There are two ways of looking at the “Aukus” initiative, recently launched by the US, Australia, and the UK.
First, it may be seen, as it was described by Ben Wallace the UK Defence Secretary: as an important defence procurement trade deal between the US and Australia, involving the construction and delivery of nuclear-powered submarines for long-term underwater reconnaissance in the Indo-Pacific area. The UK’s role in this scenario is in supplying some marginal technology accompaniments, such as in sonar technology.
Second, it may be seen as a new and significant, security-pact element in the US-led development of an Indo-Pacific parallel organisation to NATO, aimed, principally, at enhancing the “forward defence” strategy of the US to “containing” China, in military and economic terms. Additionally, from a UK perspective, it is a manifestation of the Johnson government’s “tilt to the Indo-Pacific” in the context of the portrayal of the government’s “global Britain” strategy.
In practice, of course, Aukus is a mixture of these two portrayals, within which, different audiences may see reflected their own agendas. For the British anti-China hawks this is what they have been urging, confrontation of China, and a shift away from the EU’s “mercantilist” approach to China, emphasising the need for trade with China. For Brexiteers it is further confirmation of Britain’s move away from entanglement with the EU.
Analysis by Andrew Black and Michael Lloyd of the UK government’s recent defence and foreign policy review (SDSFR) suggested that the so-called “tilt to the Indo-Pacific” was based more on nostalgia for an imperial past than a recognition of current global realities, aside from hints of imperial nostalgia. Certainly, in defence and security terms the marginal increment if Indo-Pacific defence capability potentially supplied by the UK, will be dwarfed by the massive US military presence there. Moreover, though the US has allowed the UK to the part of Aukus, it appears to be no more than a titular presence.
The UK participation, however, confirms the current government’s desire to move away from potential involvement is any future, stronger EU defence arrangements. This tilt away from the rest of Europe is despite the US having already indicated that it would prefer the UK concentrate its activities in the “Atlantic-Euro” area, rather than frittering them away in other parts of the globe.
Although understandable in commercial terms, the shabby US abandonment of French interests – and indeed the “stealing” of the Australian submarine contract with France, who have their own nuclear-powered submarine technology, if the Australians had changed their mind about the propulsion system – has been deeply wounding for the French. Given the historical alliance between the UK and France, albeit occasionally fractious, for the UK to be associated with the US-Australia deal is further proof, if it were needed, of perfidious Albion.
Despite the current government’s pretence, there is little concrete evidence of any significant UK interests or presence in the Indo-Pacific, save for a miniscule presence in Brunei, Singapore, and Bahrain, unlikely to be capable of significant enhancement given current commitments. Moreover, by apparently endorsing the hawkish, anti-China lobby in the UK, it is not clear how this will assist in developing trade links in East-Asia, which is dominated by China’s trading involvement in the region.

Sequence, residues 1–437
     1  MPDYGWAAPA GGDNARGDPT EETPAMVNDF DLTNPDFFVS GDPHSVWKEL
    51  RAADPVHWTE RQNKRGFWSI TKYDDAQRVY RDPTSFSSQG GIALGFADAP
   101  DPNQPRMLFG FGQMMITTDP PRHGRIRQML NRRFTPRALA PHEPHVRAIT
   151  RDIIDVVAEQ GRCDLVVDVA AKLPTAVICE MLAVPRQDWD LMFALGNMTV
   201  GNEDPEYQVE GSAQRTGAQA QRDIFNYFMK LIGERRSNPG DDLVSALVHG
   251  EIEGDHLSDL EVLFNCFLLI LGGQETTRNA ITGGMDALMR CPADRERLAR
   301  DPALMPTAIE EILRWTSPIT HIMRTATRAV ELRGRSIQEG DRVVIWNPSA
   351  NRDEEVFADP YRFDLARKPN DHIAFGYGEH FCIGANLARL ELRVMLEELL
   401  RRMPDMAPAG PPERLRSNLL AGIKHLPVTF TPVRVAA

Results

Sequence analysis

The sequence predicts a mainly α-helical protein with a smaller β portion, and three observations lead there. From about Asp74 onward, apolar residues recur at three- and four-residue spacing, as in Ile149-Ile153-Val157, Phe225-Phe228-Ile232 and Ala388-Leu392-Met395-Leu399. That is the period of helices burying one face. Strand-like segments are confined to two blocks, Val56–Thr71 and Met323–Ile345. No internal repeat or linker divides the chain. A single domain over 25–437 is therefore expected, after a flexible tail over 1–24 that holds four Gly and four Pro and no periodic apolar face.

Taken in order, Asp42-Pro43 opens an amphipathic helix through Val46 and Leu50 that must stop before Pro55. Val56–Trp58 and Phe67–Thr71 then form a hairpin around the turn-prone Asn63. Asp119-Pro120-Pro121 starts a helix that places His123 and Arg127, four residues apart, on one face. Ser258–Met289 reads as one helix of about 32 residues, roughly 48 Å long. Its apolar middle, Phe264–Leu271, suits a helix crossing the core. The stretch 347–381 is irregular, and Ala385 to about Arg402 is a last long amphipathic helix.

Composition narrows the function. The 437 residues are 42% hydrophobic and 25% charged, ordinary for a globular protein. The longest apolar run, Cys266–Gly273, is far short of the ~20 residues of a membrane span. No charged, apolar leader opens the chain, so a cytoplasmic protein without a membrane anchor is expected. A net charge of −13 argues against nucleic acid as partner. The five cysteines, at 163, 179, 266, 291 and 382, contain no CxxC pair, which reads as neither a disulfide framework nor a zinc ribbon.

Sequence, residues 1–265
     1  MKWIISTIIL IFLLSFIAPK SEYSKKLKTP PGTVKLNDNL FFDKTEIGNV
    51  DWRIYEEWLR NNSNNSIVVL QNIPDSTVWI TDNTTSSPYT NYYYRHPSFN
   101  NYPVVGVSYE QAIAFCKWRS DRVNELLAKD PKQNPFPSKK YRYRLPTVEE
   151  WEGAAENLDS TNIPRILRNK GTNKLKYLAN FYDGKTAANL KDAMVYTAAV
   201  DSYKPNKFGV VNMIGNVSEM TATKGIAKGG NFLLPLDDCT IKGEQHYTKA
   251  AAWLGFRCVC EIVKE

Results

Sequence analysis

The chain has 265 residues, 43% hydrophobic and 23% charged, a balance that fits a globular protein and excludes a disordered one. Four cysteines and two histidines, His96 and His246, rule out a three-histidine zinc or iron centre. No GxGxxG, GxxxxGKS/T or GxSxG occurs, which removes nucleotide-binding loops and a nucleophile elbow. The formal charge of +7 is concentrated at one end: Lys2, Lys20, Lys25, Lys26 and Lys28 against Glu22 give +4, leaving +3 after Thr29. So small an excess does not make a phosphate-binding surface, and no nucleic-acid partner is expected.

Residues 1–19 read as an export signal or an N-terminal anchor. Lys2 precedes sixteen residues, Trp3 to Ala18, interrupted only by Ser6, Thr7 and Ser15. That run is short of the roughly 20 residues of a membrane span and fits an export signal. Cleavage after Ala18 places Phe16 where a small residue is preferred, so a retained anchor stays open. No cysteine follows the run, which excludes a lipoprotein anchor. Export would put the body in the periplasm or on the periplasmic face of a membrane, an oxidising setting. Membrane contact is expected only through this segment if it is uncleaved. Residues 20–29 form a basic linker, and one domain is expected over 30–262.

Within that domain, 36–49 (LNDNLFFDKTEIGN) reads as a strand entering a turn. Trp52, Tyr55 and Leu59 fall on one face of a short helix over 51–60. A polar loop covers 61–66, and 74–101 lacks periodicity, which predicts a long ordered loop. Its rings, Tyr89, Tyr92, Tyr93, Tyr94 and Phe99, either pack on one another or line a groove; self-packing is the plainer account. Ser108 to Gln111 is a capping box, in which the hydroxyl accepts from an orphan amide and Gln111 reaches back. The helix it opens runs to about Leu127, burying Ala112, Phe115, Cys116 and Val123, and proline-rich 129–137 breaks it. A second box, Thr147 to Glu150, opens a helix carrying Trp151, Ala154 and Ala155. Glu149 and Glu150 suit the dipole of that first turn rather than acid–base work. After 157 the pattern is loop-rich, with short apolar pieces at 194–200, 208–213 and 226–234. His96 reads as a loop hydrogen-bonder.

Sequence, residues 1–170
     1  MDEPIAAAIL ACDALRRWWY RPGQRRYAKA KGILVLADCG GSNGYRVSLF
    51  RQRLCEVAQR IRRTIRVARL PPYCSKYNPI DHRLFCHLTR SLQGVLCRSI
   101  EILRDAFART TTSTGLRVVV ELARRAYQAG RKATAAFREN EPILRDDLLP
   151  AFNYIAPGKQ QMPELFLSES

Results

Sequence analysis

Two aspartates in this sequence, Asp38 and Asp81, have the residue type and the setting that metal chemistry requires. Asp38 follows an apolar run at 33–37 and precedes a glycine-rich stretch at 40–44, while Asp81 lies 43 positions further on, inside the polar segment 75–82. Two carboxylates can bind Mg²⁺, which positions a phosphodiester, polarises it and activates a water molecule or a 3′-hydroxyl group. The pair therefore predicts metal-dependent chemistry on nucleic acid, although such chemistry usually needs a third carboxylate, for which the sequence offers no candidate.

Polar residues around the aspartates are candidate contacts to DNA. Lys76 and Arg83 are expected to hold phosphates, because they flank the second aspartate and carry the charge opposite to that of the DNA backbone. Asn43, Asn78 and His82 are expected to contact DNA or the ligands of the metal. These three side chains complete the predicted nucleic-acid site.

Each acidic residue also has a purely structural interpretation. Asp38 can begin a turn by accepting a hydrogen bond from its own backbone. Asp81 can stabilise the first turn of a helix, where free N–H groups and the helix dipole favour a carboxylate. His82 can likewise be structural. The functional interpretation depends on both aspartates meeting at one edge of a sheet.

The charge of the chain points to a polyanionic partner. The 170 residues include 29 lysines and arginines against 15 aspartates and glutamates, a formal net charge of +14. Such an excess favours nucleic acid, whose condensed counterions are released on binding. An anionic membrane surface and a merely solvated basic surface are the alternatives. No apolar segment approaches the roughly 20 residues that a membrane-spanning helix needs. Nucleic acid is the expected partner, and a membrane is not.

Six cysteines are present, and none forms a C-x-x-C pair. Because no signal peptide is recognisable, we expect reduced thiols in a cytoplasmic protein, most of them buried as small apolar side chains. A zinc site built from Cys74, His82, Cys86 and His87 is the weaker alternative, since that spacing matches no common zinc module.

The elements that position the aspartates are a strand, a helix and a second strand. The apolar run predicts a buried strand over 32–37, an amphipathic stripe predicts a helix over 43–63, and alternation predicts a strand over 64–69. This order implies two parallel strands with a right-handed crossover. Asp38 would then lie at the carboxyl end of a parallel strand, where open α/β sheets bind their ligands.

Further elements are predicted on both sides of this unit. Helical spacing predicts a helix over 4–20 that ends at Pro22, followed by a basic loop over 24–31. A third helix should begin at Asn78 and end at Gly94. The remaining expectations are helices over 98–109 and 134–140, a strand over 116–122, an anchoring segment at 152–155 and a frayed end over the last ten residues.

Nor has the UK’s membership of AUKUS likely to do much for trade and political relations with the rest of the region. The deal has only been openly and fully endorsed by Taiwan. Malaysia has been markedly critical, Singapore’s PM expressing the pious hope that the arrangement would ‘contribute constructively to the peace and stability of the region and complement the regional architecture’. New Zealand, and Indonesia expressed concern over Australia obtaining nuclear submarines – and with Malaysia reminding Australia that such vessels were banned from their waters. The rest have been silent, including India and Japan that had been directly approached by Scott Morrison.
The foreign and trade policies of the Johnson government are muddled and in apparent conflict with its defence and security policies. The suggested linkage with Australia in Aukus makes sense only if the UK is planning to go further become a member of the “Quad”, which is the US approach to forming an Indo-Pacific version of NATO. However, the politics of the Quad, in relation to ASEAN, CPTPP, and RECEP are complex. It is not clear how UK membership of an organisation that is viewed by China with suspicion, and within which the non-US members of the Quad, are hesitant themselves to use the term “Quad”, will advance UK interests in the region.
The moderate line that was taken on China in the SDSFR, attempting to balance trade interests with defence interests, provided a degree of intelligent and necessary foreign policy ambivalence. The EU still has such an approach towards China, attempting to balance trade interests with a critical political stance on human rights issues. The UK would be well advised to copy it.